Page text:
Monday, February 18, 2008

Top in Long Bond Signals Shift of Investors’ Focus from Recession to Inflation

18 February 2008

I have been
writing for over a year now about the weakness in Canadian gold stocks relative to gold, as signalled by the stalling S&P/TSX Global Gold Index.

This has been a paradox and source of frustration for Canadian gold stock investors, who have seen gold rise steadily (even in Canadian dollar terms) from 2001 through to the present, while Canadian gold stocks relative to the price of gold have fallen steadily since May 2002.

That is, we have now very nearly completed the sixth year in which Canadian gold stocks have dramatically underperformed the commodity that they produce.

What is taking place that can explain this paradoxical trend?

Well, there has been much talk about rising energy and production costs, and of course, the Canadian dollar has risen dramatically during this period, eroding the gains of gold in Canadian dollar terms.

But let me tell you, mining gold, even in Canada, is a more profitable proposition today, at over $900 gold, than it was in May 2002, when gold in Canada sold at $550 per ounce. While the cost of inputs has risen sharply, the ability of Canadians to purchase many of these inputs with appreciating Canadian dollars has risen as well.

Further, Canadian dollar gold was flat from late 2002 through late 2005. However, in the last quarter of 2005, the Canadian dollar price of gold lifted off, and it has not looked back since.

To keep it simple, let me put forward a single alternative idea to explain what might be going on.

The eyes of investors have been fixed for years, if not decades, on fears of economic slowdown or recession, rather than on fears of inflation, which was the bugbear of the 1970s, but which has not “officially” returned since then. (What happened to inflation? Paul Volcker struck it down with high interest rates in the early 1980s, and globalization has kept the prices of finished products low since that time.)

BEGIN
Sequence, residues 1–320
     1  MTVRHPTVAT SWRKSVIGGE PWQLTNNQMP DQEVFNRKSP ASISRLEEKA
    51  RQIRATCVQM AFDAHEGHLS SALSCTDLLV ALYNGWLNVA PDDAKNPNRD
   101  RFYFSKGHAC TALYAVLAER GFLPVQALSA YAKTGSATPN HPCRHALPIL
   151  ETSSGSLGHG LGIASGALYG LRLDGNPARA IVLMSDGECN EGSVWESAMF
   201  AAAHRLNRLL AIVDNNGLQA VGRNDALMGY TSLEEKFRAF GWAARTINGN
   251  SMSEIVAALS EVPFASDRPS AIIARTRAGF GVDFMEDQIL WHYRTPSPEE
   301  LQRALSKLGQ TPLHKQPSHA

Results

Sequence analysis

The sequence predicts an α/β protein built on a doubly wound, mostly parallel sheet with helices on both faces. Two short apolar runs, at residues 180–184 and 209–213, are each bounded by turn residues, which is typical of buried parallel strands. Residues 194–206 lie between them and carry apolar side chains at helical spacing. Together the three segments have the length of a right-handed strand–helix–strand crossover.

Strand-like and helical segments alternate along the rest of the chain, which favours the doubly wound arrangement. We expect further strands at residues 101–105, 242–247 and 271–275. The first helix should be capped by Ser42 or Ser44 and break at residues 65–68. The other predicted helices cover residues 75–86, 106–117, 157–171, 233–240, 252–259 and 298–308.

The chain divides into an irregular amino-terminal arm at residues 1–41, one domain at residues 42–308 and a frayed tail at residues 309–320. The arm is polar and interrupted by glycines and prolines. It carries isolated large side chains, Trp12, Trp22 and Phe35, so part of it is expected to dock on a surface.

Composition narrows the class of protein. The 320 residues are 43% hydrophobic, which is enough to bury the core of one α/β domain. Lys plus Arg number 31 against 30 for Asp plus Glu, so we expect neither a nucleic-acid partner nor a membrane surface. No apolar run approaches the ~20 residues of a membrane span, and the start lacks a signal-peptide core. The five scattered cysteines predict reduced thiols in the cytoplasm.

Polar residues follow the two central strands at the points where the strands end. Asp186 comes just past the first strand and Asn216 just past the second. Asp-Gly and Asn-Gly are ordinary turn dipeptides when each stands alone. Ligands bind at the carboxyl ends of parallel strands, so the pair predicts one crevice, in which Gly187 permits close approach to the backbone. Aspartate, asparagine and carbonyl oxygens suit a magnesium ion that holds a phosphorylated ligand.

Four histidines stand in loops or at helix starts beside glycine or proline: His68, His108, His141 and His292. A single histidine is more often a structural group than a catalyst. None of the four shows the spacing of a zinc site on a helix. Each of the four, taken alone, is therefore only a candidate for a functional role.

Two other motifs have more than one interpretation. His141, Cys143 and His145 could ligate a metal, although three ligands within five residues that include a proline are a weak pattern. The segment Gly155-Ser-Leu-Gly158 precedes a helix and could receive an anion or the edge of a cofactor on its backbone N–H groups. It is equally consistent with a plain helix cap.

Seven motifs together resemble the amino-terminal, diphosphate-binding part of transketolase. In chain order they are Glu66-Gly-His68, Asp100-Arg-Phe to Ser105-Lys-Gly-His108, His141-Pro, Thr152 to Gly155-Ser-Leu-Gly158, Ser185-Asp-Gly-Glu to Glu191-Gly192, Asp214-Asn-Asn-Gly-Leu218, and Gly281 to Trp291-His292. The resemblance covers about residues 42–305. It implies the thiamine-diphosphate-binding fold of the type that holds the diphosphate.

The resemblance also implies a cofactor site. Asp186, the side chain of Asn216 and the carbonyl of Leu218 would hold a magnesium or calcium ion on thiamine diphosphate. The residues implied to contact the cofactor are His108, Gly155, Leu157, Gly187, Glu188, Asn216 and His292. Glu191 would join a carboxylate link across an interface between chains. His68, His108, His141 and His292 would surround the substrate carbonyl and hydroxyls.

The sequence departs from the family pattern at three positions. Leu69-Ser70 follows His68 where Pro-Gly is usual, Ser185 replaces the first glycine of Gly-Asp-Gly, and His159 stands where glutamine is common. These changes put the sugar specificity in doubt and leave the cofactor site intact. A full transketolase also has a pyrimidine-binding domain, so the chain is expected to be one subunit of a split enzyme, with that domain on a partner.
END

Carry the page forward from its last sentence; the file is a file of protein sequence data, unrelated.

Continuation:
As I have already written, inflation is in fact much higher than acknowledged, but the combined polities of government, banking and investment management have tacitly agreed to ignore inflation by redefining it. Governments have continually massaged cost of living indices to make it appear that inflation has remained under control, though soaring commodity prices have certainly given the lie to this shared pretence. When the costs of food and energy rose too much, they were literally removed from the cost of living indices, rather than acknowledged as signalling the return of the figurative wolf at the door.

Let me suggest that at some point, the eyes of investors must inevitably shift from the fear of recession – which by most measures, now appears to be upon us – to the fear of inflation, which has been an escalating but ignored reality since the beginning of this decade.

It is perhaps incredible that our official decision-makers and policy-makers have been able to ignore the reality of inflation for almost the entirety of the present inflation-ravaged decade.

Let me submit to you that the era of the ignorance of inflation is now drawing to a close.

For evidence, let me submit the yield on the 30-year United States Treasury bond, which recorded a multi-decade low at 4.23% only last month. The 30-year bond yield is widely acknowledged as a barometer of inflation expectations.

My suggestion – in an environment of escalating inflation, the so-called “long bond” yield can no longer continue to fall, nor can it remain at today’s record low levels.

Why is that?

Inflation drastically devalues long-term investment products, and there are few investments requiring longer-term commitment than the 30-year bond.

Where then is the yield on the bond headed?